DeSantis proposes $1 billion in gas tax relief

Florida Gov. Ron DeSantis proposed a $1 billion gas tax relief plan on Monday to offset rising gas prices.

At a press conference held at a Buc-ee’s travel center in Daytona, DeSantis sounded the alarm about economic inflation impacting the country.

“We now know this is real. This is really, really serious,” he said. “What’s most dramatic for most people because they feel this in their everyday lives is how much gas prices have gone up.”

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A gallon of gas in Daytona one year ago cost $1.31 less per gallon than today’s price of $3.34, DeSantis said.

“That’s a cost that gets imposed on a lot of people who work hard,” he said. 

DeSantis blamed the supply chain backup throughout the U.S. for “exacerbating inflation.”

“That contributes to the inflation because you don’t have as many goods in markets so cost goes up,” he said. “This is being driven by inflationary policies by the federal government.”

The governor likened the gas tax relief concept to Florida’s back-to-school-tax and sportsman tax relief efforts.

If the Legislature passes the proposal, it will be up to the gas suppliers to pass on the 25 cents per-gallon tax credit to consumers.

Arch “Beaver” Aplin, president and CEO of Buc-ee’s travel center vowed that his chain of gas stations would honor the tax cut if it passes.

“Buc-ee’s will absolutely commit,” Aplin said about rolling back the prices at the pump the day the tax break goes into effect. “And I’m quite certain that our friends and other great business operators, [such as] WaWa’s as well will do it.”

DeSantis said he considered proposing relief at toll booths but is focusing on gas prices instead.

“The average family over a five- or six-month period could save up to $200,” he said. 

During the Thanksgiving holiday week in 2020, gas prices hit an all-time low in Florida, averaging $2.03 per gallon.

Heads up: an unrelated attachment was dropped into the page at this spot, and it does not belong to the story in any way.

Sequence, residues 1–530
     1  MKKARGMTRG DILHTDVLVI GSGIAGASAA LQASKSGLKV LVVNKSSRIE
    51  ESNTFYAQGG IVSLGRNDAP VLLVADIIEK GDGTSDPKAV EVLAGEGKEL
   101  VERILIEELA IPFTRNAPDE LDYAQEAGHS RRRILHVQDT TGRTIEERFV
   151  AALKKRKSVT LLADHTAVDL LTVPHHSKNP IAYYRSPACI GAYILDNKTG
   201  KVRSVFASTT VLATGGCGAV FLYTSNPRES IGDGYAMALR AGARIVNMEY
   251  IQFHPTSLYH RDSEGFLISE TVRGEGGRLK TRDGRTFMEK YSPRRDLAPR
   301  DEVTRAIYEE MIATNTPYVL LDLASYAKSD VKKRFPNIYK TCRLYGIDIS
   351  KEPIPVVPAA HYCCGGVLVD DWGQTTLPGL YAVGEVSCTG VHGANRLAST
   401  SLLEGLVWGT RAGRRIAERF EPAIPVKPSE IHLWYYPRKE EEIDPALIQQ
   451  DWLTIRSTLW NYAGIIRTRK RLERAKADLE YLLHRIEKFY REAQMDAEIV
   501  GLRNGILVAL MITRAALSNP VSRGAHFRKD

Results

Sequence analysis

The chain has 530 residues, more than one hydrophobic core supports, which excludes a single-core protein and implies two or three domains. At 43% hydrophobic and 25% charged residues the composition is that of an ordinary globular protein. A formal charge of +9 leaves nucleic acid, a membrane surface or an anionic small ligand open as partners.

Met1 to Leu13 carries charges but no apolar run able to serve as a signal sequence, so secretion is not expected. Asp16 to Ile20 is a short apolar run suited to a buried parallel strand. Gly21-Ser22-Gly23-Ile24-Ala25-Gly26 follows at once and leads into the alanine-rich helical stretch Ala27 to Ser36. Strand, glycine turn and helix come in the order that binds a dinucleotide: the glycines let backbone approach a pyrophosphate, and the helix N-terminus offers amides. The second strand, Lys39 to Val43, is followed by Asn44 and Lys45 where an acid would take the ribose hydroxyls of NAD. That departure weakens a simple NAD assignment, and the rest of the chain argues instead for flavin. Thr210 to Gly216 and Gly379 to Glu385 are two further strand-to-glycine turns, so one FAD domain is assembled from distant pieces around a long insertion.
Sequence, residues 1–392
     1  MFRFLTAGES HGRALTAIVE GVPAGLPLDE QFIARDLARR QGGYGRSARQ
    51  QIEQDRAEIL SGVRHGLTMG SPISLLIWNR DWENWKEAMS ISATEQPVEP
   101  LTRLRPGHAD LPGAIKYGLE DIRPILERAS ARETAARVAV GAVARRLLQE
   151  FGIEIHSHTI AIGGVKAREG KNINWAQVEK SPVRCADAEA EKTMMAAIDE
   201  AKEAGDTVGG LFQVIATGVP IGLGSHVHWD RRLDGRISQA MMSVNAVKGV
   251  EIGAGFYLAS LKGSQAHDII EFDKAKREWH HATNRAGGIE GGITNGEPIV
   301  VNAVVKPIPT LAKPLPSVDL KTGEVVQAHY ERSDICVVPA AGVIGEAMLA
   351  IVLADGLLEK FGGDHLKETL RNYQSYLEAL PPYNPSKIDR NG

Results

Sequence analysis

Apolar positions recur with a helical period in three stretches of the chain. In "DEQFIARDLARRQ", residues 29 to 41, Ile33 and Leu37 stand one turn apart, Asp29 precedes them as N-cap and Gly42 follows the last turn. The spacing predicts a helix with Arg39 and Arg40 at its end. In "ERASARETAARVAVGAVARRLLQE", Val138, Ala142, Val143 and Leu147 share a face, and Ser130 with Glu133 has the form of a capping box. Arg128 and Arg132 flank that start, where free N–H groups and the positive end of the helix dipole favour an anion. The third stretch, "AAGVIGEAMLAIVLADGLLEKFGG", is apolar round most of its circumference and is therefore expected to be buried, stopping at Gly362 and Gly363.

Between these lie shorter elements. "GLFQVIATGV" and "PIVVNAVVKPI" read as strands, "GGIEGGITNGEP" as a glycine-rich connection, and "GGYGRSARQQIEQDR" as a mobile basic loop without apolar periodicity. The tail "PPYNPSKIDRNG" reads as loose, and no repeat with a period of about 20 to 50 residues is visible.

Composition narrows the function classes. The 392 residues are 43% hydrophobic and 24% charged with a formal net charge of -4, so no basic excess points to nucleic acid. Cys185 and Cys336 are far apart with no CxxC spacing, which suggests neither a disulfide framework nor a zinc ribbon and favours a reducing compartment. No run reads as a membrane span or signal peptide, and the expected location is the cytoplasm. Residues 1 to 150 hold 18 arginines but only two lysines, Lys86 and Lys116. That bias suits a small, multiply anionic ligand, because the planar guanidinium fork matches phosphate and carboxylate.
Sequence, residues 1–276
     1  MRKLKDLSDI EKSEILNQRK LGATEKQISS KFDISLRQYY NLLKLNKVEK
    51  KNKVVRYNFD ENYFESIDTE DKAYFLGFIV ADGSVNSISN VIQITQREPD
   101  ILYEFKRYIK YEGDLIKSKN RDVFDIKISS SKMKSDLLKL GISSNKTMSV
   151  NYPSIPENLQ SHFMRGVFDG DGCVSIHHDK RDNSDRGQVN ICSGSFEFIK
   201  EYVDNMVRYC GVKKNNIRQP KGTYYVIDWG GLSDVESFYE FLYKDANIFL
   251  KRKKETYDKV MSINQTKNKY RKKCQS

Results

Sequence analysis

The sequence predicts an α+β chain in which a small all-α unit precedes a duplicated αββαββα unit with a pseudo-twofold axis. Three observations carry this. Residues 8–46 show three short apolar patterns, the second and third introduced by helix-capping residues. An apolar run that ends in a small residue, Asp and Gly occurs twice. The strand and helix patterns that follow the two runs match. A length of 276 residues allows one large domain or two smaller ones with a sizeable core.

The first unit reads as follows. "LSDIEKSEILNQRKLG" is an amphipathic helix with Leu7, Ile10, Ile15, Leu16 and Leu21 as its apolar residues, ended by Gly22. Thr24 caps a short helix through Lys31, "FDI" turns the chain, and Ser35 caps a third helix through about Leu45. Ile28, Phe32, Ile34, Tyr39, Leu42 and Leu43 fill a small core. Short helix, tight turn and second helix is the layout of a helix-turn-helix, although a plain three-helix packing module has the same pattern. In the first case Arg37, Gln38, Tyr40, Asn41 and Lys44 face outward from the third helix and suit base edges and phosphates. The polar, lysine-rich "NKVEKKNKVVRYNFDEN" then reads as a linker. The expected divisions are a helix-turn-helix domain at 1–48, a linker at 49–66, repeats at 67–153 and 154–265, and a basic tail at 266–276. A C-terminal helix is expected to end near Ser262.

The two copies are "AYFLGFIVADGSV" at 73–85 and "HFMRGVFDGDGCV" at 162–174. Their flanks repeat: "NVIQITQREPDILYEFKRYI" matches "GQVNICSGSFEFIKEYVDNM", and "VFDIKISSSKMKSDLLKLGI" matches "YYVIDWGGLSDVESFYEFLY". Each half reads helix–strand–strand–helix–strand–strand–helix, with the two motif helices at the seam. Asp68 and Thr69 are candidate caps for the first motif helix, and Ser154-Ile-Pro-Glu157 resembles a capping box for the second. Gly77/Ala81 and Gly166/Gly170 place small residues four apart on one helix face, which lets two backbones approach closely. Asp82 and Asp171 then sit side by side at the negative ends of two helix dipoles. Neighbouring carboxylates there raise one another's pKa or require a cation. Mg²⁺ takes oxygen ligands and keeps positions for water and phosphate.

Currently, GasBuddy reports a range of gas prices per regular gallon in Alachua County from $3.13 in Gainesville to $3.46 in Newberry.

Also on Monday, AAA released news that falling oil prices might cause gas pump prices to decline. The price of crude oil dropped to mid-$70s per gallon from above $80 per gallon, according to the AAA report.

“Fears of slowing economic activity in the U.S. and Europe due to a resurgence of COVID-19, along with reports that the Biden Administration is calling for a simultaneous release of stockpiled oil by large oil-consuming nations, including the U.S., China, Japan and South Korea, is putting downward pressure on crude prices,” AAA reported. “The national average price for a gallon of gas is $3.40, down a penny since last week.” 

While a variety of factors go into gas prices, crude oil cost is a leading indicator.

“The price of crude oil accounts for about 50 to 60 percent of what consumers pay at the pump, so a lower oil price should translate into better gasoline prices for drivers,” according to AAA spokesperson Andrew Gross. “But until global oil production ramps back up to pre-pandemic levels, this recent dip in the price of crude may only be temporary.”

AAA reported that Florida had the highest weekly increase in gas prices per gallon with a 9-cent hike followed by Arizona up 7 cents, Washington, D.C., Michigan, Texas, and Indiana dropping 5 cents, Ohio and Kansas dropping 4 cents, and Oklahoma and Kentucky dropping 3 cents.

California currently tops the nation’s most expensive gas markets at $4.70 per gallon.

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